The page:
This week is Climate Week in the UK, which aims to get the public involved in thinking about climate change. In the scientific community, there is an increasing level of consensus about climate change and the need to take drastic action to limit severe consequences. However, in order to introduce challenging policies, there must be public support. In a paper in CAB Reviews, Ashley Cobb and Michael Carolan from Colorado State University, look at trends in public attitudes, and consider their implications for plans to mitigate climate change impacts.
US media coverage of climate change has been a double-edge sword, in that while it has raised awareness about climate change by increasing perceived knowledge, it has also suggested scientific disagreement on the issue, despite the consensus amongst climatologists.
So is it simply a matter of getting experts to talk to the public? One study found that non-expert local initiatives that highlighted impacts in parks or conservation areas could engage the public much more effectively than those involving climatologists. Fear appears relatively ineffective in involving people, who can succumb to “climate fatigue”. US surveys show fear of climate change risks rank much lower than that relating to the economy, war and terrorism, and most Americans would oppose policies that would cut greenhouse gas emissions by raising fossil fuel prices.
Cobb and Carolan point out that in general, involuntary risks (where people have no control) create resentment, whereas voluntary risks are more readily accepted. One study found a majority thought climate change was a consequence of individual action, and therefore something they viewed less negatively. The surprising implication is that linking climate change to human activity may actually reduce perceived risk for some people, by suggesting it is something they can avoid.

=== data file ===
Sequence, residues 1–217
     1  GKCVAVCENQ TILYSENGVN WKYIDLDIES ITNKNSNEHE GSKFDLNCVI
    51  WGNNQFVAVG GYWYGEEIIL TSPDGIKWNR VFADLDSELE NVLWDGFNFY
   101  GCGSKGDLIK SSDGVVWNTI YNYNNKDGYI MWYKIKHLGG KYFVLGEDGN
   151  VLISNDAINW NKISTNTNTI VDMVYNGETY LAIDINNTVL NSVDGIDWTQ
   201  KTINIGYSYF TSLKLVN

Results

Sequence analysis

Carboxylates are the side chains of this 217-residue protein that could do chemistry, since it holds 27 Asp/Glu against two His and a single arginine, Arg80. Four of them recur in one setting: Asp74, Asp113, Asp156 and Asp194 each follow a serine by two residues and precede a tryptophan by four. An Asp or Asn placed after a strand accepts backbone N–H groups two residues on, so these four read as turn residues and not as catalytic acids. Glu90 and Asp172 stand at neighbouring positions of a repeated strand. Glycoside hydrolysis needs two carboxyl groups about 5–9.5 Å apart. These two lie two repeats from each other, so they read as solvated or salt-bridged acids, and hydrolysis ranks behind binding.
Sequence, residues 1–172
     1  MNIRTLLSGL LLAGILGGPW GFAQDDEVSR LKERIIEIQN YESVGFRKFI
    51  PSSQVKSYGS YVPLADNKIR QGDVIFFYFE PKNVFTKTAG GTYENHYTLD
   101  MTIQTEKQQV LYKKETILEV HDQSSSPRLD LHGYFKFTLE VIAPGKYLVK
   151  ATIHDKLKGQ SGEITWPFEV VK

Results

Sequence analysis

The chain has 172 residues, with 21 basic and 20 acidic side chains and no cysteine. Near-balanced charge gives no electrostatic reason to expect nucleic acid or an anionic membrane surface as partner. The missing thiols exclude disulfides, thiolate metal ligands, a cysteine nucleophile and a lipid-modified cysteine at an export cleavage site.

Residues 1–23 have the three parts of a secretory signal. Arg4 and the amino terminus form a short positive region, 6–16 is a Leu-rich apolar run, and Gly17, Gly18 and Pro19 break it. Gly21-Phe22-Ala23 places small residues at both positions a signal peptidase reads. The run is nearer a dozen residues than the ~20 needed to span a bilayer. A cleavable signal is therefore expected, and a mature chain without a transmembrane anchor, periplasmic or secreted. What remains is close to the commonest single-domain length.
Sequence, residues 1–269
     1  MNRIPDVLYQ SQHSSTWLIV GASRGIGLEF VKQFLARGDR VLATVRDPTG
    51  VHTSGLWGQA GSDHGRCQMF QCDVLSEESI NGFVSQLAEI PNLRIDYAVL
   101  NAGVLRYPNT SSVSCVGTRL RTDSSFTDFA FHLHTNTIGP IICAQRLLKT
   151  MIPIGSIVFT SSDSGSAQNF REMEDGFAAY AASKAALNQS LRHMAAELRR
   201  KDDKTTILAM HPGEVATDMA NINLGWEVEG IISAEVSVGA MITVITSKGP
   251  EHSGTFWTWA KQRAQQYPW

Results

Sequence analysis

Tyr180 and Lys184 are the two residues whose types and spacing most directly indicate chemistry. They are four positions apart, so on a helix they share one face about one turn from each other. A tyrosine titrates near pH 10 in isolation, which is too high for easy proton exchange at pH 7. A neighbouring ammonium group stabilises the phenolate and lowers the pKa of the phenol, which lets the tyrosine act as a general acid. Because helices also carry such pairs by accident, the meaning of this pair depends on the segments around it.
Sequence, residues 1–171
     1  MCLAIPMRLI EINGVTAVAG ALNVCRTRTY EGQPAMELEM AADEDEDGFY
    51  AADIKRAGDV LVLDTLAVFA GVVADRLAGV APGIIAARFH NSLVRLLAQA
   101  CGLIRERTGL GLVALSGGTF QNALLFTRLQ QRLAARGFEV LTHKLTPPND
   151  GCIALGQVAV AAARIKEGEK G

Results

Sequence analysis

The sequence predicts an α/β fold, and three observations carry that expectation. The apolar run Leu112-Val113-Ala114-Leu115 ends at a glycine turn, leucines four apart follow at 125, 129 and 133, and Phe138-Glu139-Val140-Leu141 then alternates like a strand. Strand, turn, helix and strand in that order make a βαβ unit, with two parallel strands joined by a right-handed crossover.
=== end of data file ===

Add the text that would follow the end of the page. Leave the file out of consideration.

The growing popularity of “Buy local” initiatives comes partly from a desire to reduce emissions (despite disagreement over whether they do achieve that). It does show that people can make individual choices with climate change mitigation in mind. As with switching to a lower-meat diet and using cars less, such choices are often linked with health issues.
Cobb and Carolan say that in the USA, there is a strong division on the issue on political grounds, with increased knowledge of climate change correlating with increased concern for Democrats and Independents, while such knowledge was not linked with concern amongst Republicans. Other studies have suggested that the wealthier nations and individuals are, the fewer see climate change as a problem. As many religious groups have taken positive positions on climate change action, this may bridge political gaps, they suggest.
The CSU sociologists stress the need for natural and social scientists to work together on climate change. “In the end, any technological or behavioural “fix” has to start with people. And these people reside in a very messy social world that is oftentimes pulling them to think, feel and act in many different (and sometimes opposing) directions.”
Public attitudes to climate change: their origins and significance in mitigation and adaptation by Ashley Cobb and Michael S. Carolan appears in CAB Reviews: Perspectives in Agriculture, Veterinary Science, Nutrition and Natural Resources 2011 6, No. 007.
For more details of Climate Week, go to http://www.climateweek.com/